Egypt and Mesopotamia Reading Guide


Egyptian Book of the Dead

Although ancient Babylon and Greece also had ideas about the afterlife, Egypt is in a class by itself. The ideas are very ancient, very developed, and were a huge part of the economy. In fact, economics and politics are the most interesting aspect to me.

Egyptian eschatological writings developed from the top of society down, but not too far down. The earliest pyramid texts come from around 2498 BCE, and were limited to kings. Sarcophagus texts existed by 2160, and would have been available to private individuals, but still extremely wealthy. A papyrus book like the one we are reading would have been available by the 18th century. The exact one we are reading belonged to Ani, around 1200 BCE. These papyri were mass produced, and Ani's name was added later by a different scribe. Still, it would have cost half the annual salary of a laborer. The complete papyrus is 15" high and 78' long. The papyrus would have been on display at the funeral and then buried with Ani. It would have served as a guidebook of sorts to the afterlife, although it is not clear that literacy was required. The text and images may have been understood as having a magical quality. There is no overarching structure.

It can be tricky to read the text without getting bogged down in obscure names and references. Here are some observations that may be fundamental:

The following glossary might help. Try not to get bogged down in names.



Other terminology



Epic of Gilgamesh

The situation is very different in Mesopotamia. The afterlife is very minimal. In fact, presenting the afterlife as shadow-existence or virtual non-being is not far from simply saying there is no afterlife. With some mild qualifications, it can also be said that the afterlife, such as it is, is more of the great equalizer than reward and punishment.

The Epic of Gilgamesh is primarily about the quest for immortality, or coping with mortality, or finding something that is lasting and meaningful. We are reading the end of the epic, on the eleventh tablet. We will also read part of the twelfth tablet, which is tacked onto the Epic but more relevant to this course.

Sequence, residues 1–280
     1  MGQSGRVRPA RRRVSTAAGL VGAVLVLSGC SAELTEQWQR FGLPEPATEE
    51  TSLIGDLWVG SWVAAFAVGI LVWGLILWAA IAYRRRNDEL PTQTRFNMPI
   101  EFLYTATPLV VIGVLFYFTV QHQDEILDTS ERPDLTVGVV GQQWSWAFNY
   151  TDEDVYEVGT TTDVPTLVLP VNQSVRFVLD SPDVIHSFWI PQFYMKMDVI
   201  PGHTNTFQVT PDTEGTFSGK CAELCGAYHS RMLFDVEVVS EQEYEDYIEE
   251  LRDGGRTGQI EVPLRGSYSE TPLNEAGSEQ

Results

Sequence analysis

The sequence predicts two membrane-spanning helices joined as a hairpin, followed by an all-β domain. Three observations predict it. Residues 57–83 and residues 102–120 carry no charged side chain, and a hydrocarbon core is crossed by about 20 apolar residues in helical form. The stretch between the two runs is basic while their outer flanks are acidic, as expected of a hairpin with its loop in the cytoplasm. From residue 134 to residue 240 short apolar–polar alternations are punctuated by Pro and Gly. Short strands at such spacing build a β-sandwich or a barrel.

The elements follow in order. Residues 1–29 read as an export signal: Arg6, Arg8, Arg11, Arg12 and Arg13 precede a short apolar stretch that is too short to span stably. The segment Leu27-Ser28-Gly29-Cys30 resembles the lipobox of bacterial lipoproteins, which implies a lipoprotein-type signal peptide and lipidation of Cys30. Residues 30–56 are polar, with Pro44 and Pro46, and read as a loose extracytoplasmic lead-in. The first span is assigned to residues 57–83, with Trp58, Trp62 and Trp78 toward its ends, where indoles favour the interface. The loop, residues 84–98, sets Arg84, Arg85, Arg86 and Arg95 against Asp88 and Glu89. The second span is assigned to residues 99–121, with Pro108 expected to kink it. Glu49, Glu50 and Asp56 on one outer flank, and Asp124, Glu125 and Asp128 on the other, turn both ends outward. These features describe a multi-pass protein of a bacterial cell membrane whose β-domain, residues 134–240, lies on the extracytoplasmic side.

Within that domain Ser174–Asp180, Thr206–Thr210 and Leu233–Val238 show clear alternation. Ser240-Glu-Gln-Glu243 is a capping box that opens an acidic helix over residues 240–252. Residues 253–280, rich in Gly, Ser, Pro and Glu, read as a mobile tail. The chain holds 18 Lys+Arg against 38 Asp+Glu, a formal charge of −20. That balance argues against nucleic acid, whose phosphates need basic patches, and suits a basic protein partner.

The standard version of the Epic dates from around 1100 BCE. The Epic may be based on a real king from 2800 BCE named Gilgamesh. By 2500 he was revered. We have poetry about him from 2000 BCE. The Epic existed in some form by 1700 BCE. I won't try to summarize the entire Epic. Gilgamesh is a great king who suffers the dissatisfaction of boredom. He finally finds a worthy friend with whom to have adventures, but that friend dies. He then grapples with his own mortality and impermanence in the most profound way. He goes on an impossible (well, near impossible) quest to find the one man who has gained immortality. This figure is Atrahasis or Utnapishtim, who very closely resembles the biblical Noah. Apparently Gilgamesh thinks he can beat the secret out of him using his great strength. Atrahasis tells the story freely, but the problem is that this formula is impossible to repeat (he preserved the human species by building an ark when the gods impulsively decided to drown them all). This is where the reading picks up. Atrahasis not only asserts that immortality cannot be learned or achieved, he conveys the point experientially. He challenges Gilgamesh to prepare to defeat death by defeating sleep for seven days, a much more modest task. Quite the opposite, Gilgamesh falls asleep and sleeps for seven days. Dejected, he accepts his failure. Atrahasis sends him home to go back to being a king, hopefully a good king.

In a side story, Gilgamesh pursues the consolation prize of the secret of rejuvenation. Even his great labor to retain youth ends in futility, as the only beneficiary is a snake (explaining why snakes shed their skin). Though a minor story, it still resonates in a society obsessed with maintaining the appearance and bodies of youth.

The end of the Epic is terse, but I think very moving. My interpretation is that Gilgamesh has chased immortality to the ends of the earth, only to come back to where he started with nothing to show for his labors except a new perspective. At the end of the long journey, he looks upon his city with pride. It is a great city, a good city, with a good king. It will live long and thrive well after Gilgamesh himself has died. His legacy is his immortality. He has sustainable happiness for the first time.

The idea that there is no afterlife but one's legacy or community is not the most colorful idea we will encounter in this course, but it does thrive implicitly and explicitly in the Hebrew Bible and Catholic Old Testament. It is not the teaching of the Catholic tradition, but the idea has certainly thrived in the modern world. Personally, I think the idea works rather well in the ethical dimension.

Note in the reading that the Epic ends on page 99 (Tablet 11). Pages 190 to 195 (Tablet 12) are thematically related but not part of the Epic. The ancients seemed not be be concerned with consistency with their characters.

These passages describe the Netherworld. As we shall see, the idea of Sheol in the Hebrew Bible (especially the older parts) is close to this, or even more minimal. The Netherworld is virtual non-existence, and certainly nothing bright or joyful. In this passage, we get some differentiation of good and bad (or bad and less bad) fates in the afterlife, but still not much to compare to later notions of reward and punishment. I think there are some positive things to say about the ethical implications of a view of death as the great equalizer which puts worldly pursuits in perspective. A proper burial with children to weep for you and carry on your name is about as good as it gets.